JAMES EDWARD BOYKINS,
Before EBEL, MURPHY, and McCONNELL, Circuit Judges.
Boykins pleaded guilty in Oklahoma state court to one count of possession of illegal drugs with intent to distribute and one count of failure to affix a tax stamp. He was sentenced to a twenty-year term of imprisonment on each count, with the sentences to run concurrently. Because Boykins did not file an application to withdraw his guilty plea within ten days of the entry of his judgment of conviction and sentences, his conviction became final on December 4, 1999. See Rules of the Court of Criminal Appeals 1.2(A)(2), 4.2(A), 22 Okla. Stat., Ch.18, App. Boykins filed the instant 28 U.S.C. § 2254 habeas petition on April 11, 2003.
The district court dismissed Boykins' § 2254 petition as untimely pursuant to 28 U.S.C. § 2244(d). In so doing, the district court noted that because Boykins had not filed a state application for post-conviction relief during the year after his conviction became final, he was not entitled to statutory tolling of the limitations period pursuant to 28 U.S.C. § 2244(d)(2).(1) The district court further concluded that because Boykins had not acted diligently in seeking relief from his conviction, he was not entitled to equitable tolling. Boykins seeks a COA so that he can appeal the district court's dismissal with prejudice of his § 2254 habeas petition.
To be entitled to a COA, Boykins must make "a substantial showing of the denial of a constitutional right." 28 U.S.C. § 2253(c)(2). To make the requisite showing, he must demonstrate "that reasonable jurists could debate whether (or, for that matter, agree that) the petition should have been resolved in a different manner or that the issues presented were adequate to deserve encouragement to proceed further." Miller-El v. Cockrell, 123 S. Ct. 1029, 1039 (2003) (quotations omitted). When the district court denies a habeas petition on procedural grounds without reaching the petitioner's underlying constitutional claim the petitioner has an additional burden. In those circumstances, a COA should issue when the petitioner shows, at least, that jurists of reason would find it debatable whether the petition states a valid claim of the denial of a constitutional right and that jurists of reason would find it debatable whether the district court was correct in its procedural ruling. Slack v. McDaniel, 529 U.S. 473, 484 (2000). The test being two-pronged, a COA may be denied on either basis. Id. at 485.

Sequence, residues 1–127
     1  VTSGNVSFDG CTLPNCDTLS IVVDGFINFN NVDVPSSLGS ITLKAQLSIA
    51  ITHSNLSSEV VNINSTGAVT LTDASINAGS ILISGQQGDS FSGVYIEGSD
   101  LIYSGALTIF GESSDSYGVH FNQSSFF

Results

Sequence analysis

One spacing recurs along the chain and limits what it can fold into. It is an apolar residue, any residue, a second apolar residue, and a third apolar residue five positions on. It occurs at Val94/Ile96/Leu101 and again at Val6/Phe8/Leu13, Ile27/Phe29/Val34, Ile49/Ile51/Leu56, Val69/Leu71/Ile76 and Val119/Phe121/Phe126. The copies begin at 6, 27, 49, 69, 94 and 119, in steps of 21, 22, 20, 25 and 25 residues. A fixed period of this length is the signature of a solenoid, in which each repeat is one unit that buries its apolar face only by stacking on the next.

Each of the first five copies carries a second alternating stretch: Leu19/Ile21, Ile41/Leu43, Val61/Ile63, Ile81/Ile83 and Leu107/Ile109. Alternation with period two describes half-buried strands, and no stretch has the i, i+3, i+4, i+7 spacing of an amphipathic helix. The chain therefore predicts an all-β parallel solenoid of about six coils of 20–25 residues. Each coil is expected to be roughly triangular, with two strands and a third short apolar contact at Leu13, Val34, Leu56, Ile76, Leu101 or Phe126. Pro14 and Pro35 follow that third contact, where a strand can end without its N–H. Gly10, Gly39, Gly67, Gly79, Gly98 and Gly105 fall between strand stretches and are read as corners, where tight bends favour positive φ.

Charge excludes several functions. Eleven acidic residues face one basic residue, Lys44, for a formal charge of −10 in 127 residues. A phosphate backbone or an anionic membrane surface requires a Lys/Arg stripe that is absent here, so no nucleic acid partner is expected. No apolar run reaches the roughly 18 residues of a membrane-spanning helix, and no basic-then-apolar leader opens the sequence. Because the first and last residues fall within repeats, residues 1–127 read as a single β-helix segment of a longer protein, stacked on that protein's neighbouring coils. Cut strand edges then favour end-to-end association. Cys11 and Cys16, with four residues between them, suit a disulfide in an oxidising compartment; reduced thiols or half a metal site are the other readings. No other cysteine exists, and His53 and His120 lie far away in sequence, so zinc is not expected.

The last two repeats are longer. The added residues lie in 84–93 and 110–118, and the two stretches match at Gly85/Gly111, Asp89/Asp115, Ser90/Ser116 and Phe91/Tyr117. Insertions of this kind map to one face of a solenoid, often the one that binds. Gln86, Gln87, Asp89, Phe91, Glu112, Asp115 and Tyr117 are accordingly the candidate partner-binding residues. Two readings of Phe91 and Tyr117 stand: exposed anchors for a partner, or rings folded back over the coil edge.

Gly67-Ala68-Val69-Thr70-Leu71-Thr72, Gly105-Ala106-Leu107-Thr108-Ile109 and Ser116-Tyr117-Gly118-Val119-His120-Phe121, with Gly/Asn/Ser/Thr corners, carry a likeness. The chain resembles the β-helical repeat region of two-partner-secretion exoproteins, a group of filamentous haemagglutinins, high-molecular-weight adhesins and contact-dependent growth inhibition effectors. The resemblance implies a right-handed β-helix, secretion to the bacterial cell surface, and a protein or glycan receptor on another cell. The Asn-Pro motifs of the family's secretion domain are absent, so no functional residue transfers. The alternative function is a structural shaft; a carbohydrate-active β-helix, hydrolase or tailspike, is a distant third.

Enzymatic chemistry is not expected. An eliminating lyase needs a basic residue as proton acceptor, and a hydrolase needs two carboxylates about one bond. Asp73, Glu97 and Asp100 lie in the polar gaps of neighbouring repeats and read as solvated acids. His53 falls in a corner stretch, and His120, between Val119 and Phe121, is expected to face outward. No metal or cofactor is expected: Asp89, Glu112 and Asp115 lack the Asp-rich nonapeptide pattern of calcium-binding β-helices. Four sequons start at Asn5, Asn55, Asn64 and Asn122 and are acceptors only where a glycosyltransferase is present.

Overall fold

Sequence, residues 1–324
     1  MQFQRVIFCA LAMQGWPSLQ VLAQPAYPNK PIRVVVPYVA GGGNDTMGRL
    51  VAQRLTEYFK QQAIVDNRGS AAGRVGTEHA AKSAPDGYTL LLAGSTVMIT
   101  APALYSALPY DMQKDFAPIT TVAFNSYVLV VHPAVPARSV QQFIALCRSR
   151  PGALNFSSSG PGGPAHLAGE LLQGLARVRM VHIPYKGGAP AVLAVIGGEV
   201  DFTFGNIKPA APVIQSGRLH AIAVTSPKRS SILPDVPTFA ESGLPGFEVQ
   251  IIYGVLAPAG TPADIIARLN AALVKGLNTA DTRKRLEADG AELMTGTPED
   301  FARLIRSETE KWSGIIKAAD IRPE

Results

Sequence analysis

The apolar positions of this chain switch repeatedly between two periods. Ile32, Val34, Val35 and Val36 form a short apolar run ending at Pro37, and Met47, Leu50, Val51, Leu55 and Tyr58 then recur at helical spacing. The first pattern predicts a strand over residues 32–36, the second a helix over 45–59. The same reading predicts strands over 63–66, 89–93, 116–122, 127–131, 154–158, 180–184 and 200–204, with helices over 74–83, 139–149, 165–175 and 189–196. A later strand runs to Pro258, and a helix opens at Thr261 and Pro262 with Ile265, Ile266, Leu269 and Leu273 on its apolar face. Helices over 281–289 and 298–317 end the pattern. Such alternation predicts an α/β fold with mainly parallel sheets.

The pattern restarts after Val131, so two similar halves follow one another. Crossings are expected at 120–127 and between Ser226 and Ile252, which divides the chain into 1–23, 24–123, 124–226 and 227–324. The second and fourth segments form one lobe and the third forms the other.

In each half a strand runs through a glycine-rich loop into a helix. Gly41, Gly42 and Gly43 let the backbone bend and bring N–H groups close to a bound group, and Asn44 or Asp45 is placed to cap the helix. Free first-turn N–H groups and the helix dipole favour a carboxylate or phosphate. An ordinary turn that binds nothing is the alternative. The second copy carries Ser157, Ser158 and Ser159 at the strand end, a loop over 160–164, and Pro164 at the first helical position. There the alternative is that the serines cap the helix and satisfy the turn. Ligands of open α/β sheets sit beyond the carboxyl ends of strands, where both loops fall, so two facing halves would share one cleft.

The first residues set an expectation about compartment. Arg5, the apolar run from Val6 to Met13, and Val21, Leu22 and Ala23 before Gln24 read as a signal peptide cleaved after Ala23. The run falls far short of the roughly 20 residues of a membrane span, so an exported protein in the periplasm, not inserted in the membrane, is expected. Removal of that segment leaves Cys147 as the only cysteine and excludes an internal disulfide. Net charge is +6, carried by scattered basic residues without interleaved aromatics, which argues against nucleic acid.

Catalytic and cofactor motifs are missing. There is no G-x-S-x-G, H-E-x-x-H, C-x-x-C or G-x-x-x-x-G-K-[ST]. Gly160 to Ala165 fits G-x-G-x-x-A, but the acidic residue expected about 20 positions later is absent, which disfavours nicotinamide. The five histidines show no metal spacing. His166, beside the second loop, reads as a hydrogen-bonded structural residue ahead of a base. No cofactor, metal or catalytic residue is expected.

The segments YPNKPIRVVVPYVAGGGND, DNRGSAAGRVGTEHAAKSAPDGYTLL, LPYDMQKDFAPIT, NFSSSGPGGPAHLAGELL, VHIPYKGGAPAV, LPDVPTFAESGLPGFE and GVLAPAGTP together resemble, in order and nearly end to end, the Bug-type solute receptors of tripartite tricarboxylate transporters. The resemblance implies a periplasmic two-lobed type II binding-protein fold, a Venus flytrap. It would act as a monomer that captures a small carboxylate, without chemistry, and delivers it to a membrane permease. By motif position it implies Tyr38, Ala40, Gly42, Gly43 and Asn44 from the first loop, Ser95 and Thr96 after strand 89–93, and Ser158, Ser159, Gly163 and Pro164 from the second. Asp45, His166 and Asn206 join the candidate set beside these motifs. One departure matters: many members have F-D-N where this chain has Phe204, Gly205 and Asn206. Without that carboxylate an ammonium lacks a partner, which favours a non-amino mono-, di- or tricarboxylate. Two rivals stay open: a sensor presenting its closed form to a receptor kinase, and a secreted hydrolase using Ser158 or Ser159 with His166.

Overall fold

After careful review of the record, we conclude reasonable jurists could not disagree Boykins failed to file his petition within the applicable limitation period and equitable tolling is unwarranted. On appeal, Boykins does not contest that he filed his § 2254 habeas petition well outside the one-year limitations period set out in § 2244(d). Nor does he assert that he acted diligently in pursuing his post-conviction remedies. Instead, he baldly asserts that because he is raising a constitutional claim, it should be heard on the merits despite his failure to seek relief in a timely fashion. The law of this circuit is, however, clear: to avail himself of equitable tolling, Boykins must demonstrate that he diligently pursued his claims. Miller v. Marr, 141 F.3d 976, 978 (10th Cir. 1998). Because it is clear that Boykins did not act diligently, the district court properly dismissed Boykins § 2254 petition as time-barred. Boykins request for a COA is DENIED; this appeal is hereby DISMISSED.
Entered for the Court
PATRICK FISHER, Clerk of Court
1.In fact, Boykins did not file an application for state post-conviction relief until October 30, 2002, almost three years after his conviction became final.